I have read that highly autocorrelated data (such as stock markets) can be problematic when creating forecasting models essentially because we may infer that there is some signal or underlying model when in fact we are making sense of noise and the system is just highly autocorrelated.

I am looking to model sunlight irradiance which is highly seasonal on a yearly and daily level. Is there a good test to show to what extent noise is inherent within the system so that I can understand what the feasible limit for forecasting would be? It may very well be a silly question.

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    $\begingroup$ Why not forecast out as far as you need and inspect the prediction limits, stopping when they exit an acceptable range for your application? $\endgroup$
    – whuber
    Commented Sep 1, 2022 at 14:08
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    $\begingroup$ very good point. I think the solutions is also benchmarking against a persistence model $\endgroup$ Commented Sep 1, 2022 at 15:25

2 Answers 2


This is one of the points of time series analysis. The third edition of "Forecasting: Principles and Practice" by Hyndman and Athanasopoulos, freely available on-line, is a superb introduction to practical analysis of time series. Chapters 5 and 10 are perhaps most directly related to your question, showing how to generate plots showing prediction intervals into the future based on your model of the time series. This page, a bit old now, has many other suggestions for study.


Much of this answer is copied from an answer I have given in this related question.

If you have data with seasonal effects in it, you would usually fit a model with seasonal terms and then extract residuals from the model as your estimates of the error terms (which the model assumes to be noise). This pushes things back a step, but obviously you still need to test to see if there are any further seasonal effects in the residuals.

One useful formal test for this purpose is the "permutation spectrum test" which tests the maximum signal intensity against its null distribution under the assumption of exchangeability of the values in the signal (see O'Neill 2020). This particular test does not make any assumption about the marginal distribution of the data, so it is not restricted to testing Gaussian time-series. The null hypothesis for the test is that the time-series values are exchangeable and the alternative hypothesis is that there is at least one periodic signal in the time-series. (You need to remove trends before applying this test, since an linear or polynomial trend in the data may show up in frequency space as low-frequency periodic signal.)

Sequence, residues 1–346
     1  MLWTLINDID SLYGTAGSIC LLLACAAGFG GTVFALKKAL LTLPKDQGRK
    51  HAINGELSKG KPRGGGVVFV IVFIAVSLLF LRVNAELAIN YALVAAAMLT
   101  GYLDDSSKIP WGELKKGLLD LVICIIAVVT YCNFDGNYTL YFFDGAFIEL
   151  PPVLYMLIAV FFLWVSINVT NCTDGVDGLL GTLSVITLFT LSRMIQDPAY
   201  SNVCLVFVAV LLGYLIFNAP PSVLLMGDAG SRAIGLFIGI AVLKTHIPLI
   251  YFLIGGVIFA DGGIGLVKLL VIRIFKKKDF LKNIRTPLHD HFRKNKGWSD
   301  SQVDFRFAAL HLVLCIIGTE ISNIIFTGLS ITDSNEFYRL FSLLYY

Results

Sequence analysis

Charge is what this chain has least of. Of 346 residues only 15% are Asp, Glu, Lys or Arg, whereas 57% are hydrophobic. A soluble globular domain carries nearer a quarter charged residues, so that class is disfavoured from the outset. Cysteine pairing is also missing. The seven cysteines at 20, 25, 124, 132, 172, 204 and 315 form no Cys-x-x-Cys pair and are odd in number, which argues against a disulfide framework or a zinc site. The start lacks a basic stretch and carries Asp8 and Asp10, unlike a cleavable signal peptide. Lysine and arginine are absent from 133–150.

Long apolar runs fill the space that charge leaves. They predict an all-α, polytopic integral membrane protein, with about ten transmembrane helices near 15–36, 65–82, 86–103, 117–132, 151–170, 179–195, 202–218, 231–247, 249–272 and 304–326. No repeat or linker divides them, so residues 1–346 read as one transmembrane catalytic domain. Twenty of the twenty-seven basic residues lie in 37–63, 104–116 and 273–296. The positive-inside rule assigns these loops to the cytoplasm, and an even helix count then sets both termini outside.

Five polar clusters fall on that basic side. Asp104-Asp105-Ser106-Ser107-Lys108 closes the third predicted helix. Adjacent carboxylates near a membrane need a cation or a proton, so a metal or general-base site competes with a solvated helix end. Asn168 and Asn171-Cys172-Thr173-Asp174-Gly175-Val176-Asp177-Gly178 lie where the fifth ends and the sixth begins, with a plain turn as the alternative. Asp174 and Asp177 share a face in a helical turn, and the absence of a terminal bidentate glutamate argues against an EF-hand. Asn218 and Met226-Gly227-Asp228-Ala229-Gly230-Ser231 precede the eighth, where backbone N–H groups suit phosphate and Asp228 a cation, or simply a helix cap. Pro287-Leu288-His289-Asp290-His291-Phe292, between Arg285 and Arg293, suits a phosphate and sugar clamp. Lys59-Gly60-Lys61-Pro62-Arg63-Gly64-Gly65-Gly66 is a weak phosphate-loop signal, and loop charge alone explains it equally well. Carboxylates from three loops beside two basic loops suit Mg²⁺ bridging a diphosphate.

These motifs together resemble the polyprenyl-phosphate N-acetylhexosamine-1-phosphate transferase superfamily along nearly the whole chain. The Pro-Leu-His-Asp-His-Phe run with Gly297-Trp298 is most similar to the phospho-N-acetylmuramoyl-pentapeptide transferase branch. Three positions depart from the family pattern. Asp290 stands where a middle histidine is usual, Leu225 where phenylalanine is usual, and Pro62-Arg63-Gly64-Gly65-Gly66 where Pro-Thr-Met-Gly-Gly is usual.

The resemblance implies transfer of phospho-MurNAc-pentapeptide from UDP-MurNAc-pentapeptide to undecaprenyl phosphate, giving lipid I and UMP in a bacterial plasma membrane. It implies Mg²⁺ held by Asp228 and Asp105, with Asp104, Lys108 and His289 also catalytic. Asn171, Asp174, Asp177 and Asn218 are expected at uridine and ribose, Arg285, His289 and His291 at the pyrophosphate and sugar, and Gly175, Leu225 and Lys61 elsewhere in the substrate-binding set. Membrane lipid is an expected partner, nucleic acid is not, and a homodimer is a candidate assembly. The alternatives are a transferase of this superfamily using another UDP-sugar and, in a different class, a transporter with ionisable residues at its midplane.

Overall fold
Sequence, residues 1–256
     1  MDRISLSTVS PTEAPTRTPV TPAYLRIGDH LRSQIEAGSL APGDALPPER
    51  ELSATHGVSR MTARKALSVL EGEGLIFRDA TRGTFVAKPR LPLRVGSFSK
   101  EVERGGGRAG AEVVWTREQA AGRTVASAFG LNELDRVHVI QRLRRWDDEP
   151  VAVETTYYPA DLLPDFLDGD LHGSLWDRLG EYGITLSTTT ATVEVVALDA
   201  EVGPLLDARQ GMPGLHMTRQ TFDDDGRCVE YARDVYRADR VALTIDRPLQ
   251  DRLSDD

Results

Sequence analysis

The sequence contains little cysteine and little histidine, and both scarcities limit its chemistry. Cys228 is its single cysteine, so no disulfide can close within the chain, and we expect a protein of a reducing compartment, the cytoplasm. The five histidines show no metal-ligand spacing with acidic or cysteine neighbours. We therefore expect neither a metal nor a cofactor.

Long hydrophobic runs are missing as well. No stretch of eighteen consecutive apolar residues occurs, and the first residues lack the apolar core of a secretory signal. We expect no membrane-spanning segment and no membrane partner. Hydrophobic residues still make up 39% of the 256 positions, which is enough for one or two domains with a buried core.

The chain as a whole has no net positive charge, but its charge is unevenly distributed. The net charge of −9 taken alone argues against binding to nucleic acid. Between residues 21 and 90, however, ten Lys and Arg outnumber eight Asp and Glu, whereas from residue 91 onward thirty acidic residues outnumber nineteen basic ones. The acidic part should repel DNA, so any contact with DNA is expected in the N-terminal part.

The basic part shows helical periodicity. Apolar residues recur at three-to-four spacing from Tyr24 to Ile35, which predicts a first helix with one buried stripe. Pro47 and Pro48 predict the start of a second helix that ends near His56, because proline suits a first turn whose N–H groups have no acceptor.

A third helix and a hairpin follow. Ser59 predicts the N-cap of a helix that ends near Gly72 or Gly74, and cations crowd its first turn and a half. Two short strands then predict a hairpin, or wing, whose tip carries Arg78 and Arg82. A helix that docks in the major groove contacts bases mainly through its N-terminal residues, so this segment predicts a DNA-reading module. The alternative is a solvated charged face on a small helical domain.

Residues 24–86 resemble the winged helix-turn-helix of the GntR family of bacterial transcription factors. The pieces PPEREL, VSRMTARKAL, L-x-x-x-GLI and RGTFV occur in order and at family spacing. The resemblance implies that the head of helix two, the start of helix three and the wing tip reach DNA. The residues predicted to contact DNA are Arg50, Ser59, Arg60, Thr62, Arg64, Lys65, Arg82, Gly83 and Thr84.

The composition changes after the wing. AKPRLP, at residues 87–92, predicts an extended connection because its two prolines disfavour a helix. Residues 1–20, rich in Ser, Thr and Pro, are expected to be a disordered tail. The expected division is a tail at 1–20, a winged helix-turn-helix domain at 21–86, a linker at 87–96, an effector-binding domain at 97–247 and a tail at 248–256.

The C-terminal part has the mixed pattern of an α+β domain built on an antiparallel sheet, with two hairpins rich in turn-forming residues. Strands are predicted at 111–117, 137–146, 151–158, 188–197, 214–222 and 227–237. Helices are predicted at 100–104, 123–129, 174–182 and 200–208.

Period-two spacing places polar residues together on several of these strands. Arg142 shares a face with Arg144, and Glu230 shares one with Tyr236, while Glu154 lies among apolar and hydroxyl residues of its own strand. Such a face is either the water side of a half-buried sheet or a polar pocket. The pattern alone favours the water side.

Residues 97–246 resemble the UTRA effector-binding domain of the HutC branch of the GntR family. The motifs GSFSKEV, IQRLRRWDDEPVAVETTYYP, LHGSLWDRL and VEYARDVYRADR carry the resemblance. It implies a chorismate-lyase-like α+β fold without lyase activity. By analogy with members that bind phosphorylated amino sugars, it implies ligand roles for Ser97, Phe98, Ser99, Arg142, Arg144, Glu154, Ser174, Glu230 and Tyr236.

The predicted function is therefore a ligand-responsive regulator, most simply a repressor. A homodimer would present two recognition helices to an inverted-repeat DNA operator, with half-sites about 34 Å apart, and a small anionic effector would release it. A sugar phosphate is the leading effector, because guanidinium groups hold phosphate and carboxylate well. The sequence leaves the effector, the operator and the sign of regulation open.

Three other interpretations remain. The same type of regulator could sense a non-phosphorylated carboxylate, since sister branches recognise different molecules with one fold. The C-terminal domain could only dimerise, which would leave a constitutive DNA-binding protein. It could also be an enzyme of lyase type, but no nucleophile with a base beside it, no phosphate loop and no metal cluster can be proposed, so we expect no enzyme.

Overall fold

Implementation in R: You can use the ts.extend package in R to produce and plot the signal intensity for a time-series or conduct the permutation-spectrum-test. To show you an example of this, let's first produce a time-series with a periodic component.

#Generate periodic part and random part of time-series
n <- 1000
A <- rep(1:20, 50)
E <- rgamma(n, shape = 2, scale = 30)

#Generate time-series with periodic part
a <- 1
X <- a*A + E

It is simple to produce and plot the intensity of the series in the frequency domain to see if there are any "spikes" giving evidence of a periodic component.

#Show intensity of time-series
INTENSITY <- intensity(X, scaled = TRUE)

enter image description here

We can see that there are some spikes at particular frequencies in the Fourier domain, but are they big enough to falsify the assumption that this is exchangeable noise? To test this we implement the permutation-spectrum test and produce an appropriate plot. In the present case the test correctly identifies strong evidence that there is at least one signal in the data. (The p-value for the test is $p=0.001385$.)

#Implement the permutation-spectrum test
TEST <- spectrum.test(X)

        Permutation-Spectrum Test

data:  real time-series vector X with 1000 values
maximum scaled intensity = 3.5762, p-value = 0.001385
alternative hypothesis: distribution of time-series vector is not exchangeable 
(at least one periodic signal is present)

enter image description here


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